• In addition to all said above is the Historical Perspective. When Chassidic communities left the shtetel and lives close together with other groups in NYC and Israel, the choice of supporting the Parnasah of their members versus another qualified individual stood. In regards to Chabad specifically, the Shochetim and Bodkim are required to learn Chassidus prior to working.
    – user1292
    Commented Mar 15, 2012 at 18:55
  • @mochinrechavim That's the question, why aren't normal Mashgichim required to learn Chassidus? Commented Mar 15, 2012 at 19:02
  • So how did Yehoshafat eat Achav's food? (one can assume that Achav wasn't too Chassidish) Commented Mar 15, 2012 at 19:03
  • Moreover, why isn't the Rambam/Mishna/Gemara/and AFAIK Shulchan Aruch choshesh for this possibility? Commented Mar 15, 2012 at 19:14
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    @mochinrechavim My question is that the Rambam says that a Shochet has the same requirements as a mashgiach (except when sharpening the knife). So why will Lubavitchers eat food which was supervised by people who don't learn Chassidus while they won't eat the meat shechted by a shochet who doesn't learn Chassidus? Commented Mar 15, 2012 at 19:21

While I'm late to this discussion, I'd like to straighten out and clarify the issues involved. There are a number of matters here:

1) Yiras Shamayim. This requirement in a shochet predates chasidism by a long time, and is quite mainstream. Here is a quote from Shulchan Aruch (YD 18:17):

טבח שלא הראה סכינו לחכם (ונמצאת יפה), היו מנדין אותו. ואם נמצאת פגומה, מנדין אותו ומעבירין אותו. ובנמצאת יפה, יכול החכם למחול ואין צריך לנדותו. והאידנא נהגו למנות אנשים ידועים על השחיטה והבדיקה, ולהם מחלו חכמים כבודם, כי הם זהירים וזריזים, והרבה צריך ישוב הדעת ויראת שמים לבדיקת הסכין, הלא תראה כי יבדוק אדם פעמים שלש ולא ירגיש בפגימה דקה ואחר כך ימצאנה כי הכין לבו באחרונה, ובחינת חוש המישוש כפי כוונת הלב.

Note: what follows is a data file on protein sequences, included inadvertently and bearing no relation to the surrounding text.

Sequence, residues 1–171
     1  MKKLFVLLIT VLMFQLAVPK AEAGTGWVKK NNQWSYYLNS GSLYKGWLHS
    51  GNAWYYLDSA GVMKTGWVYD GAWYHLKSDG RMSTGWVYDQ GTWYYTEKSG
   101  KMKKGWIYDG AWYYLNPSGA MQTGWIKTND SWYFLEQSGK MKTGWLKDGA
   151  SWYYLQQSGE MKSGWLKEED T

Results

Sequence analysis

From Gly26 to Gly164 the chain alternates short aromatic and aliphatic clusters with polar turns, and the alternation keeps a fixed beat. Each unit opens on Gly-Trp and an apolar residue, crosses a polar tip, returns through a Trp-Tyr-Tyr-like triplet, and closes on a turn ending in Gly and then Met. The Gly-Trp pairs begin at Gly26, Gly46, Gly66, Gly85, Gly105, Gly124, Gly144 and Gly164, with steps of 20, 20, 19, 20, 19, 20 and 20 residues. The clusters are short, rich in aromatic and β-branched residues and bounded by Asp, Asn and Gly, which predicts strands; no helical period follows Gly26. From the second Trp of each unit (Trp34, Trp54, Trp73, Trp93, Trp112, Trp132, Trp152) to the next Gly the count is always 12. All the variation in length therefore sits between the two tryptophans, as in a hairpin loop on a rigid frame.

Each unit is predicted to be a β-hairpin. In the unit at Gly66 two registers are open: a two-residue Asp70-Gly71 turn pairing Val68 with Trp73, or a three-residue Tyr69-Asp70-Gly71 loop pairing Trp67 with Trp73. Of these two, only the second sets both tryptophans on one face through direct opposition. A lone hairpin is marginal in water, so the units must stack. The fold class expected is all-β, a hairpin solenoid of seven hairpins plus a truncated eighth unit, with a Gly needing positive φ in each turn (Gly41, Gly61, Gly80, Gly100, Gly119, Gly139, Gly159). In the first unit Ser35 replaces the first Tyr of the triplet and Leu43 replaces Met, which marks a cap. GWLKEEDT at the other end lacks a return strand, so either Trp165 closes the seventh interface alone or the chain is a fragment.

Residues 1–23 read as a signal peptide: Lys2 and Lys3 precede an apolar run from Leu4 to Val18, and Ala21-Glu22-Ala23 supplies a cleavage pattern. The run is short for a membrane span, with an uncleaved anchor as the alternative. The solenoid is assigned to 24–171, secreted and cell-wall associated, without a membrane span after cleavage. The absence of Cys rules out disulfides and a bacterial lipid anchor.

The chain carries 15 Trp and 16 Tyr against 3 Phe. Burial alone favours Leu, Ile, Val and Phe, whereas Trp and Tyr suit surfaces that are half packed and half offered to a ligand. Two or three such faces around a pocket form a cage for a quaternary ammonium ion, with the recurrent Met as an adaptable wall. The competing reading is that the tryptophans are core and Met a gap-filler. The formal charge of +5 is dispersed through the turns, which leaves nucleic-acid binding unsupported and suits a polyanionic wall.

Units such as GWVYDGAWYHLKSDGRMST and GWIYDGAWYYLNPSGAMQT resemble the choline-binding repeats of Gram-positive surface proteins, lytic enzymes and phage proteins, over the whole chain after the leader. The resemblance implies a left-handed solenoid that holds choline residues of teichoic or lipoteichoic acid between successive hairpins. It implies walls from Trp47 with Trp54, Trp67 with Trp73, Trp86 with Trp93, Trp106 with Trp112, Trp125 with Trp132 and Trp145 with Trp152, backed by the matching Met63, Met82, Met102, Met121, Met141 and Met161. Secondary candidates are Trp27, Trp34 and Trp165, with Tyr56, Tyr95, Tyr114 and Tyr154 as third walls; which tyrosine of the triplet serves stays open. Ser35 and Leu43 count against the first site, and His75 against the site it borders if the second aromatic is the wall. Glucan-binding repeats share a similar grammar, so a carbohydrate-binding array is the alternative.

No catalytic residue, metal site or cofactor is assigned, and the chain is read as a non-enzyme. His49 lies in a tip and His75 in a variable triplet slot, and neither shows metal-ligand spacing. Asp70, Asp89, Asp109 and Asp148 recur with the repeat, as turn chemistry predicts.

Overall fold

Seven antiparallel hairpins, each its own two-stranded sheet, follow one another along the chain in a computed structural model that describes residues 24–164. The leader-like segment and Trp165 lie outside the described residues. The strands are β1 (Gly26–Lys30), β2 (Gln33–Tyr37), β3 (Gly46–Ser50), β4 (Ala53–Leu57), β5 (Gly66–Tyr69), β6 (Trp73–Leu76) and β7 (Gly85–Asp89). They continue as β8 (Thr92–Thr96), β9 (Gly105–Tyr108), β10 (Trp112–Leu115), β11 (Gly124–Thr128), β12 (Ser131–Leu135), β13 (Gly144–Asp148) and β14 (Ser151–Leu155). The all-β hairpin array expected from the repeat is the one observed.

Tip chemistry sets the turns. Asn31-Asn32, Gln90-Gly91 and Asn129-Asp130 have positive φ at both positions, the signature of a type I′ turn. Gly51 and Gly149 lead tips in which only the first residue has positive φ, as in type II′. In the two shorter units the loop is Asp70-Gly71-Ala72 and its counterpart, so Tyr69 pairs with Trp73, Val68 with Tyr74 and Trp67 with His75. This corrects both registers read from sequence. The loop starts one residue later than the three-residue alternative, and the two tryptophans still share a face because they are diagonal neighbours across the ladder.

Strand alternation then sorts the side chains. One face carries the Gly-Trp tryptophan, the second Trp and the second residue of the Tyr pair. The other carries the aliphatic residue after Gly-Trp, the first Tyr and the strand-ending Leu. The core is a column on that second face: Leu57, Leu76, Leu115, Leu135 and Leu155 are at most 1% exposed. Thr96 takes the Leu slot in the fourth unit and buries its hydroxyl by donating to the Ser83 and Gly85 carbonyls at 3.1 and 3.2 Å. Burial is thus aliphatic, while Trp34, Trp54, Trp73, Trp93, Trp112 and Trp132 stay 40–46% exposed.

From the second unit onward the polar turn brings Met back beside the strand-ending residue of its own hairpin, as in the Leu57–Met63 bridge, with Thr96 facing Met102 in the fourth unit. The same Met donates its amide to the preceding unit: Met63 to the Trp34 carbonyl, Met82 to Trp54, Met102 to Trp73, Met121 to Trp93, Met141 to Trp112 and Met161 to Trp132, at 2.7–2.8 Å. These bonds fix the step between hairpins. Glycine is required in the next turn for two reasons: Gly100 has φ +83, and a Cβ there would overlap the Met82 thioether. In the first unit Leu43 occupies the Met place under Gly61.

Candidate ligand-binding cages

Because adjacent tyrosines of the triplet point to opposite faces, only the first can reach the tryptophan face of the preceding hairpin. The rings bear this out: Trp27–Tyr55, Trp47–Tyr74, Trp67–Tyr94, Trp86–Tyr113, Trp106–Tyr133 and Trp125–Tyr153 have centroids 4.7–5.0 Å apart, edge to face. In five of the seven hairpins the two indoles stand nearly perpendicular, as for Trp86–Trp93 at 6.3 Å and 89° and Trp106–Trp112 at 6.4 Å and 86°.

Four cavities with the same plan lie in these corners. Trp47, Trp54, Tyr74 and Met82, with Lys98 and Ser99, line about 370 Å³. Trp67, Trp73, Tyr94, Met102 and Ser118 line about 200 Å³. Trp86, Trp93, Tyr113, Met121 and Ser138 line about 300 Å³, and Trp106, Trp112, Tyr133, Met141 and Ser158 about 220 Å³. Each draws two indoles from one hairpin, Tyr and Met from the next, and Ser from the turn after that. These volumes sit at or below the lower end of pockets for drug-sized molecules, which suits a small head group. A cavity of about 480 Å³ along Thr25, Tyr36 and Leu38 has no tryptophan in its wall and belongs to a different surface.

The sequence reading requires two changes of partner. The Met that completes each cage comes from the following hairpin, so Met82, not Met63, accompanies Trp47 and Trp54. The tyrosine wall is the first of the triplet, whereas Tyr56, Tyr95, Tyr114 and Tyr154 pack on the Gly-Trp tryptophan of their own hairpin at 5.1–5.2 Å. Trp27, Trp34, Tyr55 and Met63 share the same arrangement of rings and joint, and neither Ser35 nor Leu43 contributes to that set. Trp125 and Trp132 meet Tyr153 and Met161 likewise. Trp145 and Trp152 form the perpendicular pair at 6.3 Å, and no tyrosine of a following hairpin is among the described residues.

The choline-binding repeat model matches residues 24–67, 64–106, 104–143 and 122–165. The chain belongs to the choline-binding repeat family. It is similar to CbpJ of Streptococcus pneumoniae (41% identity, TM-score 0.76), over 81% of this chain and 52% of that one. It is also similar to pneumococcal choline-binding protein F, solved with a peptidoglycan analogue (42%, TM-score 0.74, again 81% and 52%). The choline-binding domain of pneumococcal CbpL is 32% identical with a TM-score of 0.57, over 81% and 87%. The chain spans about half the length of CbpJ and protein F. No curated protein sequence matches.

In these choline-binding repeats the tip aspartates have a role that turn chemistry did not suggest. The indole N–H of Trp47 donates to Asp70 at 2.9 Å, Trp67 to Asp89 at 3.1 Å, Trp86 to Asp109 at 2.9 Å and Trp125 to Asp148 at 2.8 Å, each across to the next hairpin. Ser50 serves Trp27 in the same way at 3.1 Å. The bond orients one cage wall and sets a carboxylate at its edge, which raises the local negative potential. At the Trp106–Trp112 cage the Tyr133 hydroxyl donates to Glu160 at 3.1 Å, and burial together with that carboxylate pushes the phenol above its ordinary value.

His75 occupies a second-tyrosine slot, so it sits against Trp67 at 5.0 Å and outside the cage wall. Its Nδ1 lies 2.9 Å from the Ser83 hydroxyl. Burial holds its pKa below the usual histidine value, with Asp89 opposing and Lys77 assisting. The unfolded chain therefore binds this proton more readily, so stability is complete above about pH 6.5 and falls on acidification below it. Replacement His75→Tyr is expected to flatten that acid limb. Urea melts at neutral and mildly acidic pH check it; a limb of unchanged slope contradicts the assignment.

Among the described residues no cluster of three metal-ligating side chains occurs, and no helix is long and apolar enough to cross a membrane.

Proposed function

See also here.

2) So-called chasidic shechita. This originally was a question of forged vs. molten steel. Rabbis in the new chasidic community maintained that forged steel was unfit and that molten steel was superior, while mitnagdim and their Rabbis took great offense at the suggestion. Thus, chasidim had to rely on known chasidic shochtim if they wanted to adhere to the chasidic standard. This detail is no longer relevant as this standard has long become mainstream. See here for a historic overview.

3) Avoiding non-chasidic shechita. Interestingly, the baal ha'Tanya, probably the first authority to go on record and advocate extensively for the so-called chasidic knives, categorically asserts that it would be unthinkable to invalidate 'traditional' shechita on this basis (see previous link):

אם לפעמים מסובים בסעודת מצוה עם אנשי עירם, חלילה לפרוש מהם להחזיקם כאוכלי נבלות ח"ו, הס מלהזכיר, ומעודי לא נזהרתי מהכלים אף מבני יומן.‏


מ"ש כבוד תורתם שנאמר להם בשמי על שחיטה שלהם שאינה בכשרות ח"ו, חלילה חלילה לי להוציא דבה על עם ה' רבבות אלפי ישראל, ונאמן עלי אבא שבשמים, וגם יעידו עלי כל המקורבים אלי, כי אינני נזהר מעולם מכלים אפילו הם בני יומן.‏

Of course, note the emphasis in the first letter on the 'occasional'.

4) Sticking to one's community. I imagine the issue here is not specifically a chasidic one at all. To oversimplify: communities used to be defined by geography. Jews living in X were X, those living in Y were Y. Every city had its demographics, its Rabbinate, and its shechita. With the advent of chasidism certain cities may have split in half, but the geographic boundaries persisted. This meant that a given city's shechita (or shechitos) belonged to, and was controlled by, solely itself/ves. If someone from 'out of town' would attempt to encroach on any community's shechita, he would be deemed an interloper, a מסיג גבול, and be excommunicated and run out of town. Today, many Jews, especially chasidim, still define themselves by European geography, and organize their communities in similar fashion. Thus, sticking to one's own community's shechita is more of an expression of a protective, exclusionary sentiment than a purely religious concern about kashrut.